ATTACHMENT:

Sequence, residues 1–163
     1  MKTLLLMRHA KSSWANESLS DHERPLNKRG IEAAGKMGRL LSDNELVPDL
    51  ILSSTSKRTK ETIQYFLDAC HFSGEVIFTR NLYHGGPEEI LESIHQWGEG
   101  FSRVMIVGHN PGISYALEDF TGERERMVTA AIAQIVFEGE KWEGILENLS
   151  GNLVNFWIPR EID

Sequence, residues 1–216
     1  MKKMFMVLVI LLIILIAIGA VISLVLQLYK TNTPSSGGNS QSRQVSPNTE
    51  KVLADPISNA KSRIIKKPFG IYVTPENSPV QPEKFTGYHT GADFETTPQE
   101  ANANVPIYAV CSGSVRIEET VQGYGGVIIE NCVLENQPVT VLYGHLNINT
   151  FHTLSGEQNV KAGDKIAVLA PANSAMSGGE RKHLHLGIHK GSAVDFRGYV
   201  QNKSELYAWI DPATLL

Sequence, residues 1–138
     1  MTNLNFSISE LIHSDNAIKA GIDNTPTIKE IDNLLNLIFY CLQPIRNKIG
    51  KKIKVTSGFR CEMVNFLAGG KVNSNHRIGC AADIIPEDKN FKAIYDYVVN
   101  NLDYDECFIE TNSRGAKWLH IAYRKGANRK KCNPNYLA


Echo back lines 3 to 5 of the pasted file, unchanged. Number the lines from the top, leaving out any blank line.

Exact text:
    51  ILSSTSKRTK ETIQYFLDAC HFSGEVIFTR NLYHGGPEEI LESIHQWGEG
   101  FSRVMIVGHN PGISYALEDF TGERERMVTA AIAQIVFEGE KWEGILENLS
   151  GNLVNFWIPR EID